These methods of overseeing associations, in the manner in which they are applied, constitute a restriction of the activities of associations. The methods are sometimes accompanied by systematic campaigns against rights organizations and accusations that they are subordinate to foreign parties, or have shady funding. Rights organizations in Tunisia have been experiencing such campaigns and accusations since the summer of 2015.[8]

The oversight being exercised on both Tunisian associations and foreign associations operating in Tunisia prompt us to ponder the possibilities of thinking about some mechanisms for establishing a balanced and positive relationship between associations, on the one hand, and the state bodies, on the other.

What Mechanisms Exist for Overcoming the Restrictions?

Recently, there has been much discussion about the benefit of revising the associations decree and issuing a new law of associations to overcome its deficiencies,[9] as well as adding some essential articles pertaining to the public funding of associations.[10] This approach may constitute a radical legal solution to the pending issues relating to associations, but it also involves some pitfalls that must henceforth be brought to attention. The most important of these pitfalls is the lack of sufficient resources to monitor and track associations, as well as the scarcity of financial and human resources to support the administrative bodies charged with these tasks. Endeavoring to amend the decree along with its liberal spirit, is also a risk; this decree is the one that gave us the associational landscape that exists today, with all of its richness, diversity, and strengths, as well as its weaknesses and shortcomings. The point is to overcome these deficiencies, not limit the rights and freedoms contained in the decree.

This article is an edited translation from Arabic.


[1] According to the latest figures from the Center for Information, Training, Documentation and Studies on the Associations, there are now 18,507 associations, more than half of which were established after January 14, 2011.

[2] The Secretariat General of the Government is the department charged by the 2011 Decree with overseeing associations.

[3] The number of associations suspected of being linked to terrorism reached 157. The government submitted requests pertaining to them to the judiciary, which examined these requests and decided to dissolve 20 of them and suspend the activities of 80 more. (See Al Arabiya, February 6, 2016).

[4] On January 2, 2016, the Secretary General of the government stated that by the end of November 2015, the government had sent 379 warnings to associations to respect the law governing them, and had asked the judiciary to suspend the activities of 164 and dissolve another 64 (La Presse de Tunisie, January 2, 2016).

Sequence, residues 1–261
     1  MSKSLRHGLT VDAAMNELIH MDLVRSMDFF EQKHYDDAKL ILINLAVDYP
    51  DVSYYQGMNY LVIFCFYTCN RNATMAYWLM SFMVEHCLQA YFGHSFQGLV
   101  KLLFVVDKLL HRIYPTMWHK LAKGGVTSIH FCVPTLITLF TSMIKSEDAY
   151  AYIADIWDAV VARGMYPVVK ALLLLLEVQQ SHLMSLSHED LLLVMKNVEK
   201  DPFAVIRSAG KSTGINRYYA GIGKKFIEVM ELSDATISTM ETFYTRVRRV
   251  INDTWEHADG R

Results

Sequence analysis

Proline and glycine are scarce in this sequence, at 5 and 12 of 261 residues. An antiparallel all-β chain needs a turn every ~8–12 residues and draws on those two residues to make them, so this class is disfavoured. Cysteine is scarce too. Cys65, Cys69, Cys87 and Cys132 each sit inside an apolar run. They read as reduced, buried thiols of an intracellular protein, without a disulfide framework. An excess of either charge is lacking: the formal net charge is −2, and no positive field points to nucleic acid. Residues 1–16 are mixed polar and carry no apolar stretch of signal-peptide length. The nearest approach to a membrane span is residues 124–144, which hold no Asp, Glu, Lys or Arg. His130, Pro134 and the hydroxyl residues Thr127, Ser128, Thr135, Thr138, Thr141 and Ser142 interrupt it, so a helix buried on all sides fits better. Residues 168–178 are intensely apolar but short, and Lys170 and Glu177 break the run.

[5] See: “Tunisie: Le Mufti fustige la promotion de l`homosexualité et appelle à réviser le visa de l`association Shams”, Business News, May 25, 2015.

[6] The latest ruling in favor of Shams was issued on February 23, 2016. The associations had contested the legality of the decision to suspend its activity on January 4, 2016 (See: Al Huffington Post Maghreb, February 23, 2011).

[7] This order was revised and supplemented by Order No. 278, dated June 1, 2015, and Order No. 3607, dated October 3, 2014.

[8] In this regard, see the joint statement of rights organizations in Tunisia, Assabah, December 16, 2015.

[9] In a statement on February 2, 2016, the minister for relations with the constitutional bodies, civil society, and human rights emphasized the existence of a review of the legal texts pertaining to associations, including the order regulating the public funding of associations (See: Kapitalis, February 2, 2016).

[10] In this regard, the Ministry for Relations with the Constitutional Bodies, Civil Society and Human Rights organized a series of broad consultations to discuss the government’s plan to revise the legal regime of public funding for associations by revising Order No. 5183 of 2013, which pertains to this matter; see the works of the conference on public funding of associations, organized by the Al-Kawakibi Democracy Transition Center, February 2, 2016; and, see: Mohamed Salah Ben Aissa (avec la participation de Narjess Jedidi et Ahmed Aloui), Financement public des associations en Tunisie, Tunis, Al Kawakibi Democracy Transition Center et ICNL, 2014.